The Committee of the Regions (CoR) is a consultative body representing local and regional bodies of the European Union. it was created by the Treaty of Maastricht, and the first plenary meeting was in 1994. It is currently regulated in article 300 of the Treaty on the functioning of the European Union (TFEU).
The Commission, the Council and Parliament must consult the Committee of the regions before taking European decisions in areas of local and regional impact (such as employment policy, the environment, education or public health). The CoR does not have the status of “institution ” and its activity has two legal limitations: delivers no opinion on any proposed EU acts and its opinions are not binding for the Council or the Commission.
After the entry into force of the Treaty of Lisbon, the European Commission is also duty-bound to consult the regional and local authorities and their associations throughout the EU since the pre-legislative phase.
The Committee of the Regions today holds 350 members, and the same number of deputies from 28 countries of the EU. The members are responsible for regional and local entities and must hold an electoral mandate for regional or local authorities or political responsibility on an elected assembly. The Council appoints the members and deputies for a period of five years, on a proposal from the EU countries. Each country chooses its members according to its own standards, but all delegations reflect the political, geographical and local / regional balance of the respective country.
The COR celebrates six meetings per year, in which establishes its overall policy and approves his opinions. Its six commissions explore different policies and the opinions being discussed in plenary:
• Territorial cohesion and budget of the EU (COTER)
• Economic Policy (ECON)
• Social policy, education, employment, research and culture (SEDEC)
• Environment, climate change and energy (ENVE)
• Citizenship, governance and institutional affairs and external (CIVEX)
• Natural resources (NAT)
The Commissions draw up draft opinions that are then discussed at any of the annual Plenary Sessions and if it is adopted by a majority, the CoR presents the opinion to the Commission, the Council and the European Parliament. the Committee also adopted resolutions on current political issues. A first President and Vice-President are elected from among the members of the Committee. moreover, the Bureau of the Committee of the regions is the body of momentum of its activity, in the sense that this is what makes the political agenda of the CoR at the beginning of each mandate controls the implementation of the said programme and coordinates generally the proceedings of the plenary sessions and the committees. in general, the Bureau meets eight times a year, before each of the six plenaries at Brussels, plus two extraordinary meetings in the two member States exercicing Council's rotating Presidency. The Bureau is obliged to reflect political pluralism, especially, of the Assembly that represents the CoR. In this spirit, the composition of the Bureau provides as follows: the President; the First Vice-President; 28 Vice-Presidents (by one Member State); 28 members more, and the Chairmen of the political groups. Like the President, the Bureau serves for two and a half years.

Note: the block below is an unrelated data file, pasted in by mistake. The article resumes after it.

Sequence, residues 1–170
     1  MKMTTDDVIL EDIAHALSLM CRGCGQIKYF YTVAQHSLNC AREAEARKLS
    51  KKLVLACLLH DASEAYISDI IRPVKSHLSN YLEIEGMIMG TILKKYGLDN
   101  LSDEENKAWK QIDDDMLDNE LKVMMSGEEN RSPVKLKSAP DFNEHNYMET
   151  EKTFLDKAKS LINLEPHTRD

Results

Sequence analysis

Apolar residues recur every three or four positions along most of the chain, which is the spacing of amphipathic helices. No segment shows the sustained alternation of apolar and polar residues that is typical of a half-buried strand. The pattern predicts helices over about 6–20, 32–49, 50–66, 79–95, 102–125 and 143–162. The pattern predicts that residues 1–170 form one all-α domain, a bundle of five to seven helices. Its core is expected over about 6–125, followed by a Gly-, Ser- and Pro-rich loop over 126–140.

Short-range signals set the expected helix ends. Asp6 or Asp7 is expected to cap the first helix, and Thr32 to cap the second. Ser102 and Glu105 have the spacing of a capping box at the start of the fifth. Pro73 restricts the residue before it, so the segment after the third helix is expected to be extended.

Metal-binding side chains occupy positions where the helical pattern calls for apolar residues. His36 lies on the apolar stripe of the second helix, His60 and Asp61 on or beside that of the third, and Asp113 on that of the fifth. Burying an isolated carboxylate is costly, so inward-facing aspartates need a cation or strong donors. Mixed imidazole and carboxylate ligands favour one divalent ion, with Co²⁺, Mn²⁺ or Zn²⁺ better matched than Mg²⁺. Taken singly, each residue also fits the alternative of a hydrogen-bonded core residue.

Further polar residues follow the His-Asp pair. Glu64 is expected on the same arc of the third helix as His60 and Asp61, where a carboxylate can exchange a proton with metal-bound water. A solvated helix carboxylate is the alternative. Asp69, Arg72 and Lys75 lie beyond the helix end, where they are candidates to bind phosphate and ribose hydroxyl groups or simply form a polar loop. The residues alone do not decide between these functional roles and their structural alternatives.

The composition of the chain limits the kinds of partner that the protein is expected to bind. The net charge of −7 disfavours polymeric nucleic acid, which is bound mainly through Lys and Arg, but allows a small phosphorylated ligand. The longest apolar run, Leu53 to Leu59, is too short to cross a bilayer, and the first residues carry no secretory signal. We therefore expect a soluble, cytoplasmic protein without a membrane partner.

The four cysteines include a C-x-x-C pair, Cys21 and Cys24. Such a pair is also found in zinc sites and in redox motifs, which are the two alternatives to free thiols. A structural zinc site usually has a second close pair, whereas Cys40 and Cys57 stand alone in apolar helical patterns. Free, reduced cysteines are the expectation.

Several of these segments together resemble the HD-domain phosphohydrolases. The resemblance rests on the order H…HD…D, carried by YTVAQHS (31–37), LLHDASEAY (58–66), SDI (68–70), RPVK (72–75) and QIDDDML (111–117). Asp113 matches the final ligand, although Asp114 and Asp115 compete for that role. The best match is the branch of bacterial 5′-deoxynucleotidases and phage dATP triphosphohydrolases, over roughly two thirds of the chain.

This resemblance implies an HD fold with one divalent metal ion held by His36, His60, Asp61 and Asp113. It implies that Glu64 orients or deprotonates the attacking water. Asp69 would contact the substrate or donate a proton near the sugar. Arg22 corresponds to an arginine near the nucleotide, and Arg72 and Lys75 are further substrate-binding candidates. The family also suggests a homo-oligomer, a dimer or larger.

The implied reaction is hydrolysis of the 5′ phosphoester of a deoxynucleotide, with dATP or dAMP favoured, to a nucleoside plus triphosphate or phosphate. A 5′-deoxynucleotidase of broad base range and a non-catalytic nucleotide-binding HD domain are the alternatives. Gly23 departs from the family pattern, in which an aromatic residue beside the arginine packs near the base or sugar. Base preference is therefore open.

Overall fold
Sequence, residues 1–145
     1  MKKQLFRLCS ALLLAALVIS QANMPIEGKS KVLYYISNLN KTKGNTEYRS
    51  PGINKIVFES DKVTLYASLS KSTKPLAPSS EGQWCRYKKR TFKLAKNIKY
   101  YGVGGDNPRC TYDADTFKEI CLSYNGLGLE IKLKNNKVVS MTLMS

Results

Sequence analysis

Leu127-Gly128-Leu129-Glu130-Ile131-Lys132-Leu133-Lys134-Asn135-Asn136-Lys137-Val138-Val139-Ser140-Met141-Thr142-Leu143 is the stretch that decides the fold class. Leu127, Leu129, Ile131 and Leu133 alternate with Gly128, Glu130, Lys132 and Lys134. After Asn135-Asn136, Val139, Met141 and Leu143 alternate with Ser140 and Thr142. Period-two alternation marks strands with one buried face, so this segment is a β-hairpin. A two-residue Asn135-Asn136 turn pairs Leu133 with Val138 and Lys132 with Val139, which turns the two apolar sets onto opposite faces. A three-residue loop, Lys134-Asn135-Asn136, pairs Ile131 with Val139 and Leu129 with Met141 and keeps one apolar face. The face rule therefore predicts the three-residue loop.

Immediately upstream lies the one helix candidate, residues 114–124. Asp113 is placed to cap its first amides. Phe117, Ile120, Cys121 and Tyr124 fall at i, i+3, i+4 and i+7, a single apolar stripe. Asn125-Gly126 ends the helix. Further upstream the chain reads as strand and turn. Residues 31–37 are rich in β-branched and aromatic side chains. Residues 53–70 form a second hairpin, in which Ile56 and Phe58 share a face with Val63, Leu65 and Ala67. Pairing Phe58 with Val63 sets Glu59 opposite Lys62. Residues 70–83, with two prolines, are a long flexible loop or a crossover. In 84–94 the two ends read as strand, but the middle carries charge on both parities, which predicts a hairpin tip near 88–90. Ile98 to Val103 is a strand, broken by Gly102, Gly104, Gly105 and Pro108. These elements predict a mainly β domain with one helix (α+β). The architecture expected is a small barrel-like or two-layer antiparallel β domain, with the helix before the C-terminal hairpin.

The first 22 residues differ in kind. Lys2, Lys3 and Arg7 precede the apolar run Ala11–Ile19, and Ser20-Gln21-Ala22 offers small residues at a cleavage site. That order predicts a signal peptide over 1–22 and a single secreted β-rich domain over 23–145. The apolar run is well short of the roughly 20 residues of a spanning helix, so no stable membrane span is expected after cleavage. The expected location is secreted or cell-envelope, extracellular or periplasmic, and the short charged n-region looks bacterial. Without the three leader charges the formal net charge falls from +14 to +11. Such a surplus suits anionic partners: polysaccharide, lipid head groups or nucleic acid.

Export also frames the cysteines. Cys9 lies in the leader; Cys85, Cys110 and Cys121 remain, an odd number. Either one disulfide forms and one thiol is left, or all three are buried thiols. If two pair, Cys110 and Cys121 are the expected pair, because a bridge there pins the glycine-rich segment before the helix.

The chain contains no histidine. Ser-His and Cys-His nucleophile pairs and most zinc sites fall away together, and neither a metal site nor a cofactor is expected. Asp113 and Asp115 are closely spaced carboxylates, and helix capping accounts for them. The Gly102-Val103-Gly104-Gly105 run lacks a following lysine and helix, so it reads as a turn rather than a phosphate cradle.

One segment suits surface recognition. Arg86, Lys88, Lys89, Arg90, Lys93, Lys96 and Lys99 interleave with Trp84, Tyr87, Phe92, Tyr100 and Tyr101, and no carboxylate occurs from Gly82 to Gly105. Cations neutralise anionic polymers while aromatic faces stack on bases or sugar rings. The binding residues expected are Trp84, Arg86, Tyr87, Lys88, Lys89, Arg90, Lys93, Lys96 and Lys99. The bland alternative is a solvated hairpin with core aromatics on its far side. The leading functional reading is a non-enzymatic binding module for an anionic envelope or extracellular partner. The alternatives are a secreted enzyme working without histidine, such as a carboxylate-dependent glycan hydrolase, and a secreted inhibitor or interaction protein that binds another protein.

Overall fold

Current members of the CoR are divided into five political groups, reflecting the political situation in Europe: the European People's Party (PPE), the Party of European lossocialistas (PSE), the Alliance of Liberals and Democrats for Europe (ALDE), the European Alliance (AE), and the Group of the European Conservatives and Reformists (CRE).
Spain has 21 members in the Committee of the regions. of this total, represent the 17 autonomous communities and 4 to local authorities, with the Autonomous Regions proposing the members that will form the regional delegation, and the FEMP the representatives of local authorities. The system was adopted by a motion adopted by the Senate on 20 October 1993.
In most cases, the representatives of the autonomous regions are their Presidents, although normally their activity is developed by alternates, who might be Councillors or senior figures, including the delegate of the Community in Brussels.